July 27, 2012
Here's a flash of the blindingly obvious: More and more products are going digital. You know this, but what I'm interested in is how they are going digital and to what degree. I see three major aspects: (1) the product itself becomes digital; (2) a physical product adds digital technology; and/or (3) processes and context around a physical product become digitally infused. Let me offer a sort of continuum of examples, and then I want to ask a question:
- Music (nearly 100% digital). The greater part of music bought these days is in the form of a 100% digital product.
- Health band. With a health band (e.g., Fitbit, Nike FuelBand), I don't really care about the physical product, but I'll put up with it to get the digital benefit: lots of data (and more) about my workouts and health.
- Cameras. A digital camera is a physical product that uses a combination of physical and digital technology, and I actually care about some of its physical design (e.g., lenses). It produces a 100% digital artifact (photos), and the process around the photos is digitally infused.
- USB picture frame. Part physical, part digital. By replacing the center of a picture frame with a digital screen, I get a new twist on an old standby. But, working with the digital part still requires a high degree of physical manipulation (carry a USB drive to the frame, etc., etc.).
- WiFi picture frame. Part physical, even more digital. The WiFi bit bumps it way above a USB picture frame in terms of seamless integration into a digital world. I can email a picture to the thing, or maybe tag a photo on Facebook and suddenly it shows up.
- Clothing. For now, clothing is pretty close to 100% physical, but with the EON Interactive Mirror, the buying process might take on a significant, new digital component. Clothing itself could take on digital elements.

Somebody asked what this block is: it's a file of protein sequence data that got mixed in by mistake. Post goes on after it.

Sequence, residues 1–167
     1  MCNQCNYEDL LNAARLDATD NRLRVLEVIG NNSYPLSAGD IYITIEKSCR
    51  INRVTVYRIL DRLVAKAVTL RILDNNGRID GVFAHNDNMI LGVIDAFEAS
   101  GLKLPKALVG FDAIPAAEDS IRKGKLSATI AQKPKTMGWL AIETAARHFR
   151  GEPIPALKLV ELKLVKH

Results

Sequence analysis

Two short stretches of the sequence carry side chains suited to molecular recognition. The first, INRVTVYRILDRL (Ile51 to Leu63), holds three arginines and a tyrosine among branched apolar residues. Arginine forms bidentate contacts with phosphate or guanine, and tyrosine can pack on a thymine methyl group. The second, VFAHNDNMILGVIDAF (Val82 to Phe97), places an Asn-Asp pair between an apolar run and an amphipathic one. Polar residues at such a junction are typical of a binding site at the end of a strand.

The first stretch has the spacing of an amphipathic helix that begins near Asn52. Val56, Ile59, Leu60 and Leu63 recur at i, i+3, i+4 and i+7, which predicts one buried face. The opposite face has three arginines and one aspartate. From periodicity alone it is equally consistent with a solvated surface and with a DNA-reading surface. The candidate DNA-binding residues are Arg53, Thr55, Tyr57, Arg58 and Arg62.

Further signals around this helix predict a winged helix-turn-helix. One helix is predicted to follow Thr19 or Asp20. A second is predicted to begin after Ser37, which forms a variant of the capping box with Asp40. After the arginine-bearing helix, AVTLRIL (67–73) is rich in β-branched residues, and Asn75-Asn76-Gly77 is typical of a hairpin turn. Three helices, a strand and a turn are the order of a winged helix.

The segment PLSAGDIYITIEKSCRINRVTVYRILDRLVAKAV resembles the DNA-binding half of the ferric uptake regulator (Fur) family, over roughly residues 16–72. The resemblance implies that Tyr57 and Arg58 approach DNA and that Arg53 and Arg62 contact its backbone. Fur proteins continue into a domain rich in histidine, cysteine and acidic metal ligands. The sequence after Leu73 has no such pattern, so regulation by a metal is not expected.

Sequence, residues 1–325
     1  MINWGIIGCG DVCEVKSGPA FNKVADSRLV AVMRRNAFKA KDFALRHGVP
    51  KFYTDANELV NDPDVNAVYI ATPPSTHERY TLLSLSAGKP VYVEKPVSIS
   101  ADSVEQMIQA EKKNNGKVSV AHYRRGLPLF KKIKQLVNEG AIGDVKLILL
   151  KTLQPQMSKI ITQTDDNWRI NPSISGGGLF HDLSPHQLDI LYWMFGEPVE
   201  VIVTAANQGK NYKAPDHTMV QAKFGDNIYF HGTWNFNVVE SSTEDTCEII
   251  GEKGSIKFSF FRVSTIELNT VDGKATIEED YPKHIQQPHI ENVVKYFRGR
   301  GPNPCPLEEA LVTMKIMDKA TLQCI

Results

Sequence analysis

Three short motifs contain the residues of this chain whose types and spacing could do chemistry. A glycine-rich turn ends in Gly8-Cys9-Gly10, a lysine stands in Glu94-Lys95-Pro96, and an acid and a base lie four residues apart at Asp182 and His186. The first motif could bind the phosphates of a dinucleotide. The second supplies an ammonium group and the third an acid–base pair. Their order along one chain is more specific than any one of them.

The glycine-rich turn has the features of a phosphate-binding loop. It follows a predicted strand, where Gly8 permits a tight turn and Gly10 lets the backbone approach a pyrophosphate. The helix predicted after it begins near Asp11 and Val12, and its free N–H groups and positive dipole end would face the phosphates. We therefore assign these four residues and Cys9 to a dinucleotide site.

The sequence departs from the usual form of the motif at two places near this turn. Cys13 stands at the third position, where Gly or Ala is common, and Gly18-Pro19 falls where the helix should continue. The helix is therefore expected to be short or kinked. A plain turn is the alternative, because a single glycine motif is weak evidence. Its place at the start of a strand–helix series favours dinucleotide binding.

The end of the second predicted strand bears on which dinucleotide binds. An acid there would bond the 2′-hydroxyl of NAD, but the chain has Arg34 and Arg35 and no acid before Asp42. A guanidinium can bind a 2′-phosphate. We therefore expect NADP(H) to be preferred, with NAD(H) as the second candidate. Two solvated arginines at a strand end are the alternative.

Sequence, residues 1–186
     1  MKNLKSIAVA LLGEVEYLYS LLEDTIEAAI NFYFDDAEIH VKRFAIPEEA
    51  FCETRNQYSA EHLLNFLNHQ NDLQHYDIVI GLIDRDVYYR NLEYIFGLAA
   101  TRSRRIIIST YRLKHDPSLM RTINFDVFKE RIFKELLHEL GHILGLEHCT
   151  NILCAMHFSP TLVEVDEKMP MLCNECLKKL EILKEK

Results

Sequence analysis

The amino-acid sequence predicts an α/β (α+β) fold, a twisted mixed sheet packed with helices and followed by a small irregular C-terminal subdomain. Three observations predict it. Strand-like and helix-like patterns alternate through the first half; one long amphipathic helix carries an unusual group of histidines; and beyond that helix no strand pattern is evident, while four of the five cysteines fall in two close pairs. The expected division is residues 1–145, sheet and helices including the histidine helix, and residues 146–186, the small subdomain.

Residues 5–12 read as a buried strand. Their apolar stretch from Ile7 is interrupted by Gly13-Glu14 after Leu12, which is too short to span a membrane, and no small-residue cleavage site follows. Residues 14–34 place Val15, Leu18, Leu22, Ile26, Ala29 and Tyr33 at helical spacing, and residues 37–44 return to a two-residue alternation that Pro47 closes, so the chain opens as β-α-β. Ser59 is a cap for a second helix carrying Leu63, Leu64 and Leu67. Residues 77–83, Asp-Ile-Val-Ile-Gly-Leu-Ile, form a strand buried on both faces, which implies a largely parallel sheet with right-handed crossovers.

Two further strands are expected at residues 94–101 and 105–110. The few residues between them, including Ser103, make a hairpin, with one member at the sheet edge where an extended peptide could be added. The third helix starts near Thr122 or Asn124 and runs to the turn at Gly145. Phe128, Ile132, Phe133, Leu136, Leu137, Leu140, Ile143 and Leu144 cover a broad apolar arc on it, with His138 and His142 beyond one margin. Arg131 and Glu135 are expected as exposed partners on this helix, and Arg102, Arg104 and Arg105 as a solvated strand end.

- Cosmetics (nearly 100% physical). With cosmetics, EZface Virtual Mirror does a similar magic mirror type of thing. But my (admittedly uneducated) guess is that, for cosmetics, it will be a while before digital technology gets inserted into the product itself (although cosmetics containers and applicators might have some possibilities. . .).
The examples above center on consumer products, but they're just the top-of-mind ones I happened to think of. Other speculative examples might include cars negotiating with petrol stations on fuel price (an old Scott McNealy favorite), downloading apps to your digital thermostat, WiFi control of a high-end sound system, or maybe there's something crazy cool you could do by mashing power tools with the digital world. I'm hoping you get the idea.
So here's my question: What are some great examples, especially "push the envelope" examples, of innovative and surprising ways that products are going digital — both in the product itself and in the buying and usage context around a product?
Please post a comment and let me know what you're thinking about or seeing out there that you think is really great. . .